The indictment against Halkbank accuses the lender of participating in a wide-ranging plot to violate prohibitions on Iran’s access to the US financial system. The conspiracy allegedly involved high-ranking government officials in Iran and Turkey, it said.
“Halkbank’s systemic participation in the illicit movement of billions of dollars’ worth of Iranian oil revenue was designed and executed by senior bank officials,” US Attorney Geoffrey Berman in New York said in a statement detailing the case. “Halkbank will now have to answer for its conduct in an American court.”
Two people, including a senior Halkbank executive, Mehmet Hakan Atilla, were convicted in the case in late 2017, with the trial prompting angry protests from Erdogan, who accused US officials of trying to harm his country’s national and economic interests and claimed his Gulenist enemies had brought the case about. He described the prosecution as nothing short of an “international coup attempt.”
Erdogan has previously pressed both President Barack Obama and Trump to intervene and dismiss the case.
Early in Trump’s term, former New York Mayor Rudy Giuliani was hired by the central figure in the case, Reza Zarrab, a flamboyant Iranian-Turkish gold trader, who in the trial implicated Erdogan in the sanctions-evasion operation. Giuliani conducted a shadow diplomacy effort to win his client’s freedom and on Giuliani’s behalf, Trump asked a member of his cabinet to steer prosecutors away from the case.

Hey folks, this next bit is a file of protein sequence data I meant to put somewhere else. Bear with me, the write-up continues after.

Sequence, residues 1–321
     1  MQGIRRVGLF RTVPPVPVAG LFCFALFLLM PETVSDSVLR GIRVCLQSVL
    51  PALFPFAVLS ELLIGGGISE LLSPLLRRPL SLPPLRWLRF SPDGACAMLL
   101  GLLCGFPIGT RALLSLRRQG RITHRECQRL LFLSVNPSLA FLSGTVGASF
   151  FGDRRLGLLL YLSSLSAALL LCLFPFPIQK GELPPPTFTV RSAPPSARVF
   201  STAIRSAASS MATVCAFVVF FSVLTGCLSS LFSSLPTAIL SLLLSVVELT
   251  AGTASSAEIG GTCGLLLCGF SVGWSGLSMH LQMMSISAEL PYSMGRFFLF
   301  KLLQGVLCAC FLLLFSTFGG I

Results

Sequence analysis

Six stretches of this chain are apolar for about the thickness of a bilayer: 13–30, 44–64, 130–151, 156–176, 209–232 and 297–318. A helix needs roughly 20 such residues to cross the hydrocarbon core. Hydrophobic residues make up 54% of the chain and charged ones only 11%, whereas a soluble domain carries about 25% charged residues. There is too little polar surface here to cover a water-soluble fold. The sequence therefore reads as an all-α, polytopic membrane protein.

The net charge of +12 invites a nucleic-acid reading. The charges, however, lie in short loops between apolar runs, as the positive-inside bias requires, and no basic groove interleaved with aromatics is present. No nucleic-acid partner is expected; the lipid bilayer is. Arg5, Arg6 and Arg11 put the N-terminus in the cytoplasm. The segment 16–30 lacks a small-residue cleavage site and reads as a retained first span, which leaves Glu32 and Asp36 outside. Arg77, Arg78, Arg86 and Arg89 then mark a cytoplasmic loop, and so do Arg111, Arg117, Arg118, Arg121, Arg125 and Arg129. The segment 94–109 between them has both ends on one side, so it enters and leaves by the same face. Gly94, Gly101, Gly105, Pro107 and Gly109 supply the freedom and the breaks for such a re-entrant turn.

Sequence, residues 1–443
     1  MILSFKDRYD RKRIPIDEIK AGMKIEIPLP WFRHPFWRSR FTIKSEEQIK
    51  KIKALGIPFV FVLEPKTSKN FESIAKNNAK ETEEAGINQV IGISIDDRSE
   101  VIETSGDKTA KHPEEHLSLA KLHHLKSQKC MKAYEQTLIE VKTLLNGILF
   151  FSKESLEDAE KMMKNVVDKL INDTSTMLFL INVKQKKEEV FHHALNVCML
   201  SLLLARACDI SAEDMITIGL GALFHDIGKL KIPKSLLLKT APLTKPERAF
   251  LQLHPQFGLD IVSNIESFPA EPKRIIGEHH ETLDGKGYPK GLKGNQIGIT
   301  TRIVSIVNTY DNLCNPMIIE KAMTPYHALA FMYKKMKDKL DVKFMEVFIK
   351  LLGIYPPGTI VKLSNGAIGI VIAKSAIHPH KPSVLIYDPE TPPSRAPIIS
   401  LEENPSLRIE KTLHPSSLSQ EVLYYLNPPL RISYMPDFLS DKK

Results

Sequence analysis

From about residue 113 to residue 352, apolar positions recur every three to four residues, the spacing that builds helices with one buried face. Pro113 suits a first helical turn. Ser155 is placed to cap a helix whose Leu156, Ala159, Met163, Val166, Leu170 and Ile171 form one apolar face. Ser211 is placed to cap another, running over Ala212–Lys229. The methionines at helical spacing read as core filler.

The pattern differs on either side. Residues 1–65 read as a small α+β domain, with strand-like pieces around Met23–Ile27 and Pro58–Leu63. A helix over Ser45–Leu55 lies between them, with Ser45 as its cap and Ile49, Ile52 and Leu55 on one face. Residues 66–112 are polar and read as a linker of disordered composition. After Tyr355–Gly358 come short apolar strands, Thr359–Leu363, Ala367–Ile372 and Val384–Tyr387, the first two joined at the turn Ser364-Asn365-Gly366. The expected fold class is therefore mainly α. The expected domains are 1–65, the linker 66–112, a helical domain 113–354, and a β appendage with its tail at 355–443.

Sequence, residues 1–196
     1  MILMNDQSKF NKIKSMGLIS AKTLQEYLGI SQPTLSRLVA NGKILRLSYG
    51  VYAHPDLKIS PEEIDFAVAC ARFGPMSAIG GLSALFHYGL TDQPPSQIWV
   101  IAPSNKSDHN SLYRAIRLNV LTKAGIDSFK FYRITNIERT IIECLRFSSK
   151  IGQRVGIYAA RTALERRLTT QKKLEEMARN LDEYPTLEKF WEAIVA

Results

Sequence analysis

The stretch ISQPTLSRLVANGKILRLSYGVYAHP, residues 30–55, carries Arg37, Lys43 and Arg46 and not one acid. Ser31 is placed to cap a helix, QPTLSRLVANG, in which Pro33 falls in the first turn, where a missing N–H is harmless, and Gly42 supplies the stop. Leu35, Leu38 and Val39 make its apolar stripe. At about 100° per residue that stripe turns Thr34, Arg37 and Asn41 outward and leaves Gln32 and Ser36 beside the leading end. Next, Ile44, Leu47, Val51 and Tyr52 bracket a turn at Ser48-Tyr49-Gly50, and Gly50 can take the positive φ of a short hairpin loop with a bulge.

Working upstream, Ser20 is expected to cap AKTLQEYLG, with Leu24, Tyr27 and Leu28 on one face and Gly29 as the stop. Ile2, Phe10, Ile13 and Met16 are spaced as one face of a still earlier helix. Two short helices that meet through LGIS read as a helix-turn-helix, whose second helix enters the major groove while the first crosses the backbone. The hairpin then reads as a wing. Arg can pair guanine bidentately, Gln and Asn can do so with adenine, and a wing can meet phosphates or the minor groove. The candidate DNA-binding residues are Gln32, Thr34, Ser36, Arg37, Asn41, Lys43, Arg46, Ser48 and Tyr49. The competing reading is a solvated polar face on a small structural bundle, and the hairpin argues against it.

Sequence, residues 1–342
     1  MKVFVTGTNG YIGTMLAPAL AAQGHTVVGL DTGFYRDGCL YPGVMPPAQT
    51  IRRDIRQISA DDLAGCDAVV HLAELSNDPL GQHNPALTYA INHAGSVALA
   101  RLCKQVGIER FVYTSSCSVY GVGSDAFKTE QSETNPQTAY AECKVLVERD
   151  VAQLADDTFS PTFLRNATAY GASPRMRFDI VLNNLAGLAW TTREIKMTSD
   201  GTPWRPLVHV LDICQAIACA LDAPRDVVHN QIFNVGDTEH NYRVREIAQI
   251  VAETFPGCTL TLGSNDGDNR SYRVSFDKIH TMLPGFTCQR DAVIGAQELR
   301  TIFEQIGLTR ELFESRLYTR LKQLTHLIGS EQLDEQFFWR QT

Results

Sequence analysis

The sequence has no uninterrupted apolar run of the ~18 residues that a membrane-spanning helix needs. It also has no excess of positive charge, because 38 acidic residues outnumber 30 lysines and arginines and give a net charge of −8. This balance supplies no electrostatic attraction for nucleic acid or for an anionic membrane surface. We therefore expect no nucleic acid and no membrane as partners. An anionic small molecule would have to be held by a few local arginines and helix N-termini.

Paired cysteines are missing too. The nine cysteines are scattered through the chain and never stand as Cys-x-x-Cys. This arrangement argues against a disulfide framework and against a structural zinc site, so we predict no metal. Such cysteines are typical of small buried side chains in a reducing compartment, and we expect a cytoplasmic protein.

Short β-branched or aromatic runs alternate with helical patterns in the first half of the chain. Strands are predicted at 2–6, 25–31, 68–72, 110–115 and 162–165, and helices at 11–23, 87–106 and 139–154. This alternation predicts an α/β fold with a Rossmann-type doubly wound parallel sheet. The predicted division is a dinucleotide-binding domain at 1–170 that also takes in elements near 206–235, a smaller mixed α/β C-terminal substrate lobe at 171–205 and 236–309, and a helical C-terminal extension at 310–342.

Several months after the sanctions-busting trial of Atilla ended with his conviction in early 2018, US officials entered into talks to negotiate a possible penalty with the bank. But no settlement was announced and the broader case seemed to go dormant.
Zarrab has related in court how he helped Iran tap funds from overseas oil sales that were frozen in foreign accounts. He pleaded guilty having become the star prosecution witness against Atilla.
US prosecutors allege that Halkbank became an essential participant in the plot, which was designed to secretly launder funds out of Turkey to Dubai. There, money could be shifted into the global financial system and made available to Iran. Prosecutors at the Atilla trial showed how Iranian funds were converted to gold, exported to Dubai, sold for cash and then distributed to the benefit of Iran. Around $1bn was converted into US dollars and transferred through banks in New York, they said.
Zarrab, who is married to a famous Turkish singer, is apparently extremely wealthy. US court documents said he was building a yacht longer than a football field with three personal submersibles.